The Swiss government has spoken in favour of a system foreseeing political intervention to place the country’s first pillar pension system on a sustainable footing, and linking the retirement age with life expectancy, thus preparing the ground for further reform of the system.
Actively taking measures to support the first pillar funds AHV/IV/EO, dealing with capital market volatility, and its members, on top of adjusting the retirement age, would stabilise the first pillar, the government explained in the report ‘Adjustment of the retirement age to life expectancy – international comparison and models for Switzerland’.
The government would have the legal mandate to submit proposals to parliament to also adjust the level of benefits, contributions, or VAT, if necessary.
This model would also ensure that the Swiss Federal Council takes into account the second pillar pension system, interlinked with the first, when taking measures, the cabinet explained, adding that pension funds need a certain degree of certainty to plan ahead, for example interest rates on pension savings and conversion rates for pension pay-outs.
The cabinet has, instead, rejected the idea of a strict automatic adjustment of the retirement age to life expectancy. Linking retirement age to life expectancy alone won’t achieve the political goal of making AHV a financially sustainable platform by 2050, the government explained in the report.
An automatic mechanism linking retirement age to like expectancy would not work because AHV finances are not in balance, meaning that income is not matching expenses, and further measures are necessary to create that balance, it added.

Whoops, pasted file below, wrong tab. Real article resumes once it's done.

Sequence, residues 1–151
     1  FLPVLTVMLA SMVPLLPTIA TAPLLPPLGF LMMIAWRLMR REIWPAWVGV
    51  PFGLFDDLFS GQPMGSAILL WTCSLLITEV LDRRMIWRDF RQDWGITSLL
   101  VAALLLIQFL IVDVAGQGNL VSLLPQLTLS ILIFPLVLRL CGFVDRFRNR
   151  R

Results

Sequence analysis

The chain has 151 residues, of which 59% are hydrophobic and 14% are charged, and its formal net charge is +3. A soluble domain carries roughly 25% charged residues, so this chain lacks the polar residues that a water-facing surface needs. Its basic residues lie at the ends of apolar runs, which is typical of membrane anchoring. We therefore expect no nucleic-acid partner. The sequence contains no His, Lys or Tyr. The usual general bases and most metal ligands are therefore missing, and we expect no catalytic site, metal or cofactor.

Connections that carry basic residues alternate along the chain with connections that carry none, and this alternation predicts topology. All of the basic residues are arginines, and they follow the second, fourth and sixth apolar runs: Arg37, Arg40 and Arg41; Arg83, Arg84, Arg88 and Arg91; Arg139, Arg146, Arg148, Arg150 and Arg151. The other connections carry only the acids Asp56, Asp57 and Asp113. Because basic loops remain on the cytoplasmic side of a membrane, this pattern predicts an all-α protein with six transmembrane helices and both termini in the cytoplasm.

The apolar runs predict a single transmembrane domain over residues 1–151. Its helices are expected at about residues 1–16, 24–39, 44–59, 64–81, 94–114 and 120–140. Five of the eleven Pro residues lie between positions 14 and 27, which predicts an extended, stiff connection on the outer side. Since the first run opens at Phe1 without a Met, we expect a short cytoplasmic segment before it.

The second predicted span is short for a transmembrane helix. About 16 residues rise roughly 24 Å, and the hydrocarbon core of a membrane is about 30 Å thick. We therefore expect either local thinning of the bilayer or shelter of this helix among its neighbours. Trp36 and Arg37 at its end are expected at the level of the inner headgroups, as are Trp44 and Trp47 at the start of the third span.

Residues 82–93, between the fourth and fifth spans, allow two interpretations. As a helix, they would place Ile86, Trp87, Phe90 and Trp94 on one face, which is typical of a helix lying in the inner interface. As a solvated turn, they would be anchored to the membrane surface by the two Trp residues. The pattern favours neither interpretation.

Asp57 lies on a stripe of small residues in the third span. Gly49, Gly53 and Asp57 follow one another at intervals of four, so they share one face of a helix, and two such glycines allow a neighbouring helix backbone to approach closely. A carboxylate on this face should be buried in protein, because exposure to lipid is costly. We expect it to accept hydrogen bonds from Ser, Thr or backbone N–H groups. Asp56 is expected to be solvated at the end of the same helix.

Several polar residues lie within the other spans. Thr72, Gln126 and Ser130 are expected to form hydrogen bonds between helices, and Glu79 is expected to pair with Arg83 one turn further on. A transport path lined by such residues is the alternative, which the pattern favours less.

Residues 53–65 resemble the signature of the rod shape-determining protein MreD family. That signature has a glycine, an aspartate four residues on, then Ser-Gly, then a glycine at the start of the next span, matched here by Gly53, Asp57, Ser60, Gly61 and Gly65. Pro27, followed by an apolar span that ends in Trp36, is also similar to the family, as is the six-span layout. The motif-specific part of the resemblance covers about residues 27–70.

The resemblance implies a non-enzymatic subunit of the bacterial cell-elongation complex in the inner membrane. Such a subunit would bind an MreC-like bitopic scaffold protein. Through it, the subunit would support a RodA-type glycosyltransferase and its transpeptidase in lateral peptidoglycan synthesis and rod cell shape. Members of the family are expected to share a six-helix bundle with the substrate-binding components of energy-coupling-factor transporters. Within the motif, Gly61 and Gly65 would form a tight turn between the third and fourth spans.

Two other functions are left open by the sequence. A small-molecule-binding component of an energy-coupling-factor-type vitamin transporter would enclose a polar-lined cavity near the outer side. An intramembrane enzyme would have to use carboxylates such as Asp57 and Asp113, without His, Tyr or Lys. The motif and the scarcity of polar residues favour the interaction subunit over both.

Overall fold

A further problem spotted by the government to apply an automatic mechanism to link retirement age to life expectancy is that the first and second pillar pension systems are interlinked, and automatic mechanisms would not necessarily guarantee that link between the AHV and the occupational pension system.
Therefore, automatic mechanisms would require sufficiently long transition periods to sync the two pillars, and at the same time give a level of certainty in the transition to the new system to employers and members, it added.
Moreover, according to the government, changing the statutory retirement age also requires adjustments to flexible retirement age, and this is difficult to achieve with automatic mechanics.
Additionally, the government has showed interest in a model that gradually increases the retirement age starting from 65 years old. Such a model will apply in Denmark, where retirement age will increase every five years, from today’s 67 to 68 years old in 2030, and to 69 in 2035, undergoing political approval and taking into account demographic and financial factors, the report added.
The advantage of this model is that it is easier to manage, the government said.
European governments are trying to make pension systems, which are under pressure from an aging population, fit for the future.
In Germany, the member of the German Council of Economic Experts, Veronika Grimm, has recently proposed a formula automatically linking retirement age to life expectancy.
The Netherlands has introduced an automatic mechanism linking retirement age to life expectancy scheduled to take effect from 2025; in Sweden the automatic mechanism will start in 2026, and also in Finland the retirement age, which is currently 65, will automatically be linked to the life expectancy from 2030.
Switzerland’s first and second pillar pension system are put to a “tough test” because of an increasing life expectancy and demographic developments, therefore the possibility of increasing the retirement age must be part of the next AHV reform, the cabinet said in the report.
Last year, the public approved in a referendum the long-waited reform of the first pillar system whcih resulted in increasing the retirement age for women from 64 to 65 years old, the same as for men, both in the first and second pillar, and the VAT by 0.4 percentage points. The reform will enter into force on 1 January 2024.